"Dang it; Santa's eating my chicken strip again. " 
It was, in fact, his hat that bothered me the most about this man. He wore a dirty Santa hat. In October.

I'm not categorically against early Christmas celebrators, but the holiday sweater, and especially the Santa hat, should be reserved to late December. Put your lights up in September, but the Santa, Elf, or Reindeer head adornments have no place before Christmas break.

Anyway, not only was this hat out of season, the white cotton had taken on the look of gross neglect. Like a cotton ball after removing Rupal's face blush. I can gladly say, that in the few months that Miles hung around the in-law's house, I never treated him like family. Perhaps judgementalism is not something to be proud of, but discernment has always been one of my stronger gifts. It doesn't take much skill to add up the math: mid-20s man-child +1 disgusting hat =1 deadbeat boyfriend.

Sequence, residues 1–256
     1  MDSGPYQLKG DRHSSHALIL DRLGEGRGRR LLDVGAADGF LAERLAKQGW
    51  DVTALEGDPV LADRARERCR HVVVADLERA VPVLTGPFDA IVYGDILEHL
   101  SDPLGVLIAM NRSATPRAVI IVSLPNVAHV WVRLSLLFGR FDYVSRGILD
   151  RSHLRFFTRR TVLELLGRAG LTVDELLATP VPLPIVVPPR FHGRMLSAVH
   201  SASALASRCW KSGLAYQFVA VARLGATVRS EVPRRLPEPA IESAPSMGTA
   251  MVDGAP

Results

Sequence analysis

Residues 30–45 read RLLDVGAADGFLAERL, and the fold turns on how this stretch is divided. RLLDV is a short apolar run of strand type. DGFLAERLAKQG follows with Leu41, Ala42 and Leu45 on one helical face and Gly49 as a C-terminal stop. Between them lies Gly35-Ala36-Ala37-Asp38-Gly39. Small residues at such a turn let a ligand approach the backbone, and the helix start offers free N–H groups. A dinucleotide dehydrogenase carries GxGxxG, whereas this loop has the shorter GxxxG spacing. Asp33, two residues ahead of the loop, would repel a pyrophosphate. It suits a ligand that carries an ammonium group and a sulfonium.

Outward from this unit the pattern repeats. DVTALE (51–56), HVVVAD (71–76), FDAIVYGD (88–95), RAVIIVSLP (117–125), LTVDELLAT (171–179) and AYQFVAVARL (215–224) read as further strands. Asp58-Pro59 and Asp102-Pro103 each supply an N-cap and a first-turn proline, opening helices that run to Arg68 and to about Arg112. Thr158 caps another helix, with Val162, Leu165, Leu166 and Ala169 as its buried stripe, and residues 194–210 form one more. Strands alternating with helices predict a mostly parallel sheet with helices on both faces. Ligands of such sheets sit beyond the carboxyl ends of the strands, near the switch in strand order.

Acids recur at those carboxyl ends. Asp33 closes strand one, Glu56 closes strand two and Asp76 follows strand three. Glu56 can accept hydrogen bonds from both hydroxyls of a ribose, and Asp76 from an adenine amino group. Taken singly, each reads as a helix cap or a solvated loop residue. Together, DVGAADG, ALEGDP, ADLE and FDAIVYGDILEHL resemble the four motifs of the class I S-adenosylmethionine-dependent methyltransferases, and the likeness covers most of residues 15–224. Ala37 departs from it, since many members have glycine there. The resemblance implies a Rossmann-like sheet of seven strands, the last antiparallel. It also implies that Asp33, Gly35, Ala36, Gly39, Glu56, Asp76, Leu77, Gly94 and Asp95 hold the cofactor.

So there I was, in my wife's grandma's kitchen, 12 eager ears listening as I went back in time to slander this piece of work Miles, saying, "I'm sorry, I just can't respect a grown adult who shows up to somebody's house wearing a dirty a$$ hat..."

The words had barely escaped my mouth, when I saw my brother-in-law Chris nearly lose it. Chris, like me (yes I'm aware we have the same name), is quite the joker, and I knew what he was going to say before he said it, "You mean like the hat you are wearing right now?"